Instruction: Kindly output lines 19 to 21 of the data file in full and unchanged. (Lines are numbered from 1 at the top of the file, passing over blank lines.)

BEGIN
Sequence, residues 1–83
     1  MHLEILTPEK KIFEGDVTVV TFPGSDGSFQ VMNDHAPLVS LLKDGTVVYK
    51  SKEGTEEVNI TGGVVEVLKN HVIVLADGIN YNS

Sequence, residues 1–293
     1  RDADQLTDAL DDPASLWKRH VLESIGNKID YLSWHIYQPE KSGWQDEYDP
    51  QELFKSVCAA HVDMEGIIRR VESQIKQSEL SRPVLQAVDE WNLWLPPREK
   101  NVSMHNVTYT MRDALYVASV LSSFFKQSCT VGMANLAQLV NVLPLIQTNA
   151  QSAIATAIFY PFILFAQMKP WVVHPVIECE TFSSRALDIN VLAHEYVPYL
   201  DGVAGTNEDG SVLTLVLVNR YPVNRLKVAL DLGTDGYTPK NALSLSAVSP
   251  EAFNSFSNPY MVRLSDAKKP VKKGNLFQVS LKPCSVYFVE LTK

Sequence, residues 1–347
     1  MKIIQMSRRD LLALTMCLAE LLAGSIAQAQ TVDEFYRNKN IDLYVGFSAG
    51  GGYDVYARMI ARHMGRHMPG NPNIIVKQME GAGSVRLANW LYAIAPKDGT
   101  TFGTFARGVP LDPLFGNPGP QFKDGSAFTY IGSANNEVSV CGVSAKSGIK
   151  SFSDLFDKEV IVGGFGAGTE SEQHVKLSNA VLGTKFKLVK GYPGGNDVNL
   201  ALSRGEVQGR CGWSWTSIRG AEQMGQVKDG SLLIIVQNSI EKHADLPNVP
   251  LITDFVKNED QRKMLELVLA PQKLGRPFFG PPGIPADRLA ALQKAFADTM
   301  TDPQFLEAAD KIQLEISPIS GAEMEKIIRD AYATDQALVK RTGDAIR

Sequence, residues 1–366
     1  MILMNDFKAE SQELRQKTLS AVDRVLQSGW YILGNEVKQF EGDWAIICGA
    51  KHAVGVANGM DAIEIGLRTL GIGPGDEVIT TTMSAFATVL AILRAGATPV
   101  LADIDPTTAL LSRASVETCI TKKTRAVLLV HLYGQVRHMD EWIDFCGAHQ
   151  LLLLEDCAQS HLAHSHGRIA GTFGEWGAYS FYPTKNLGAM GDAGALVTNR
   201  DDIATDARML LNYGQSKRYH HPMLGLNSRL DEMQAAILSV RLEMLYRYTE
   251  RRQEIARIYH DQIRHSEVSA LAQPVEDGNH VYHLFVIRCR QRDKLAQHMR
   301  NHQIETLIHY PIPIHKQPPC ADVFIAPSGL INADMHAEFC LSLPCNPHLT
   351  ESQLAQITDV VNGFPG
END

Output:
Sequence, residues 1–366
     1  MILMNDFKAE SQELRQKTLS AVDRVLQSGW YILGNEVKQF EGDWAIICGA
    51  KHAVGVANGM DAIEIGLRTL GIGPGDEVIT TTMSAFATVL AILRAGATPV